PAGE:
Now, grammar enthusiasts, got nothing against you, we all know you need to learn a crazy amount of verb conjugations to conquer Italian; you’ve got to deal with congiuntivo (eventually); and get used to the fact that, for instance, Italians tend to drop subject pronouns while usually using direct object pronouns, while in English, it’s kind of the opposite. Yes, athletes need to learn the rules of the game. And they need to watch highlight reels and learn from observing the moves of others. All fine. You need to drill a lot. You need to listen a lot, it’s essential. You can get this from TV as well as a host of apps. But you have got to put yourself in game time situations, early and often, where someone says something to you, you deal with the real time struggle to understand, and organize whatever words you have and do the best you can to respond and keep the conversation going. Further, you don’t really learn grammar rules until you start using them in context. Conversational speaking is irrefutably the most challenging part of language learning in my view, and also the most exciting and fun part. Actual communication. I encourage you to put a lot of emphasis on it from Day One.
Two quick pieces of advice to get talking right away: the first is iTalki which is a very popular site for finding a tutor. (And if you’re following along on our language articles, you know its where I connected to my beloved tutor and contributor to this forum, Rossella Vicidomini!) In my experience with Italian, I felt safest here first in a situation where not only could I get a balance of drills, grammar and vocab, alongside basic intro-level conversations. A quick hack for these basic conversations: practice them. Straight up rehearse them beforehand, seriously. It will feel quite unnatural but it honestly gets you up and running in speaking the language so fast. Practicing a conversation in advance gives you more confidence during the real thing and also helps you prepare vocabulary you actually will use. Write that vocab down and learn it however you feel most comfortable: flashcards, weekly lists, whatever works for you.
Once the sheer terror of talking to a tutor has worn off and you realize it’s not only nothing to fear and in fact something to look forward to, I suggest jumping quickly into a conversation exchange site to find a chat partner. One of the best is conveniently named Conversation Exchange. The site is free if you don’t mind the banner ads, which is the one I recommend since you don’t spend much time there anyway once you find a language partner or two. Don’t be discouraged if you don’t totally hit it off with your first conversation exchange partner… just like in any other aspect of life, you might not make an immediate connection with every person you talk to, plus, some people do have a tendency to mistake these sites for dating apps… sigh. But with as with most things, you’ll find a little patience pays off. You can often connect with people who not only give you good language practice but become good friends.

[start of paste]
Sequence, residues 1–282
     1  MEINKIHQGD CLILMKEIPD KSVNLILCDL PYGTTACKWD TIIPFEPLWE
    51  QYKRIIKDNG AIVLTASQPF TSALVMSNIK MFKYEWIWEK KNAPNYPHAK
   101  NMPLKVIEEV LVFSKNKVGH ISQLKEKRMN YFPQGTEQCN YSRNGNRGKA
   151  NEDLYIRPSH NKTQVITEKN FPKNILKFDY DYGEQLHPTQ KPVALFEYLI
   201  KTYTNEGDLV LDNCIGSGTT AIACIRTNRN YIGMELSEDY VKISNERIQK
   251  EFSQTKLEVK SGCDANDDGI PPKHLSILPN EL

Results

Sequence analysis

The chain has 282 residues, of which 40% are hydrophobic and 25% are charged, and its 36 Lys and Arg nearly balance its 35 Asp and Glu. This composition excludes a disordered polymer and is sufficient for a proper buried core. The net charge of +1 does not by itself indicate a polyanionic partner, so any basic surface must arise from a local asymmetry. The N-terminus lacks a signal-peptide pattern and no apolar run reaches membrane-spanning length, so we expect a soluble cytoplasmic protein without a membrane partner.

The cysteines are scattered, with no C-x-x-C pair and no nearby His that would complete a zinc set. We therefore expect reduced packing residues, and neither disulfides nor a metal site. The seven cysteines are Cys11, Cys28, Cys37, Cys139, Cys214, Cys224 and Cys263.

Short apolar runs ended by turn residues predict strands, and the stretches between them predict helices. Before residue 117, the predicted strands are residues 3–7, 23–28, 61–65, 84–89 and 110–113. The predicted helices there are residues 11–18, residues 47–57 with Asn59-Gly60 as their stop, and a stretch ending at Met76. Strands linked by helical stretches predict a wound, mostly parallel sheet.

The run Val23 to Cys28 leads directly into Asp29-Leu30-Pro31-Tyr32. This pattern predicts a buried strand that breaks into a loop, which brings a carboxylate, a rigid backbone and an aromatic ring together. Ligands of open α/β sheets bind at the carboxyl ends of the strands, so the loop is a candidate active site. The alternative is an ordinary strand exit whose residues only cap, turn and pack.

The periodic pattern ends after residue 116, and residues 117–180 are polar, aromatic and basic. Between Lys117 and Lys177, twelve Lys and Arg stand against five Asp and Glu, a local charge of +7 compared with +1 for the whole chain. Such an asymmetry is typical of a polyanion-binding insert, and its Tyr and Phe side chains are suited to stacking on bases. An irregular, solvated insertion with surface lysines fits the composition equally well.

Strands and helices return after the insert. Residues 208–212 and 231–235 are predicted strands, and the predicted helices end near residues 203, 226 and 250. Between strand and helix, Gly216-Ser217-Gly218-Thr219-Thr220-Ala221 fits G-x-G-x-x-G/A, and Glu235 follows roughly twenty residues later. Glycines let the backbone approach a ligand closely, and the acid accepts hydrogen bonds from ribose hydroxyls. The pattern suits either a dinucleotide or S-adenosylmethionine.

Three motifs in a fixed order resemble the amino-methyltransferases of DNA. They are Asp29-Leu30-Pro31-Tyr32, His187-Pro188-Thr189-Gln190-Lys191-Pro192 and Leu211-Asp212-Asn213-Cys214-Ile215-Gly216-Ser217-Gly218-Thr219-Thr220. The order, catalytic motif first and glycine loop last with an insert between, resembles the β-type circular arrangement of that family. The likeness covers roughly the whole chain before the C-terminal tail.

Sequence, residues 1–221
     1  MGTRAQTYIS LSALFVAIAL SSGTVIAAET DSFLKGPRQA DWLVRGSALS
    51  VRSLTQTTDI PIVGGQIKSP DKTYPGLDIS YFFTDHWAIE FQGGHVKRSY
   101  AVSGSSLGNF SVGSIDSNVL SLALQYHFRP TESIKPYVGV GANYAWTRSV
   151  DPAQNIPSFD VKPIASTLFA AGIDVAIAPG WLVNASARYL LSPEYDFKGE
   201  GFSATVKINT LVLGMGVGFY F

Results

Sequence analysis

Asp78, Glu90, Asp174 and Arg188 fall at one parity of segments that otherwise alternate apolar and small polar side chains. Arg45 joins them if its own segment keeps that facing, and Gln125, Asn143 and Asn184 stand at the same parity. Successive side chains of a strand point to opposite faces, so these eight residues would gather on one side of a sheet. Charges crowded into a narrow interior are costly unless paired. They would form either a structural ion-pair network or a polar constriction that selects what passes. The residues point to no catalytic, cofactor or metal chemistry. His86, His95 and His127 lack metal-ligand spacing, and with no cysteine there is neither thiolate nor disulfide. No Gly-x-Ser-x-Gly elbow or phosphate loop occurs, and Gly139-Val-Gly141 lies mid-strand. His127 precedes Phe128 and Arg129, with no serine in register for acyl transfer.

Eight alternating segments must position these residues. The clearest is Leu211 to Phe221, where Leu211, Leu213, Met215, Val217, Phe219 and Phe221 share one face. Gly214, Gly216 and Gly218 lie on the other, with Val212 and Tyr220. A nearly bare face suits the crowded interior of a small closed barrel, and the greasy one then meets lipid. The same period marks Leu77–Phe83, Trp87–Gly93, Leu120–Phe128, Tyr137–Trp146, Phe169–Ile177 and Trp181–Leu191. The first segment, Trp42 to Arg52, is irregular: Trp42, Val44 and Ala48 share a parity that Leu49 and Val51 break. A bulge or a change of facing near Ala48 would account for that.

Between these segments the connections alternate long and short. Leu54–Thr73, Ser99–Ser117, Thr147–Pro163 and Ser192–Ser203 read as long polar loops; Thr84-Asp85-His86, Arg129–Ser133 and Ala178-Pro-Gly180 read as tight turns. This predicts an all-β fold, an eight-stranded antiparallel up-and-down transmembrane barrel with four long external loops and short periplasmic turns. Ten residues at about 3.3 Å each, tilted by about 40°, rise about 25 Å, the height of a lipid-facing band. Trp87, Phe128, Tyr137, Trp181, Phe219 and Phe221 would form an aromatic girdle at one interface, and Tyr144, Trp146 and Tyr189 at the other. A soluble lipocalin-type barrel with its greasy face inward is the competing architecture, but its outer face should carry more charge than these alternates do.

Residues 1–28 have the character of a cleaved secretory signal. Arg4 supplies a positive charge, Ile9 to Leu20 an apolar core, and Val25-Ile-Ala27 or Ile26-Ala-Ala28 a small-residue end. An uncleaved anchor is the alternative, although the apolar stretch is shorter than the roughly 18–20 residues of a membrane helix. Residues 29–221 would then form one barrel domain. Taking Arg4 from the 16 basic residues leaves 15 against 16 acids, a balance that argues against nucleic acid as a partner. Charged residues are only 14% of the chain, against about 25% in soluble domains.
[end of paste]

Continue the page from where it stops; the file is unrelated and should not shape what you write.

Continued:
Also remember, the majority of English speakers who are eager to learn Italian are doing it voluntarily. Italians tend to need to learn English, for their jobs, and to compete in a global economy where, increasingly, English is the standard. You’re not going to have a hard time finding an Italian chat partner, I assure you. Make sure you establish the ground rules early on of speaking “half (your native language – assume English if you’re reading this) / half Italian” during your session. Start with a short conversation. You’ll be ready for a full hour in no time if you can handle it. (Italians are super social, it’s easy to find ones who want to chat for that amount of time.)
So what do you think: are you ready to get in the game? Tell us your experiences with first time conversations in the comments below, we’d love to hear them! And be sure to check out our additional articles on Hacking Italian Language!
The MyBelPaese Language Corner is a collaborative series between an American learning Italian in New York City, and two Italian sisters from Ischia who work as Italian teachers and translators. We aim to mix the perspectives of a person who has remotely learned Italian to a level of comfortable conversation, with the expertise of professional language teachers who are Italian native speakers. It’s all about helping people in our community who want to learn Italian, get started with this beautiful language.
If you’ve decided you’d like to learn Italian, you can swing by the Language Corner and add it to your favorites, we’ll keep you posted on new articles to help you stay on track!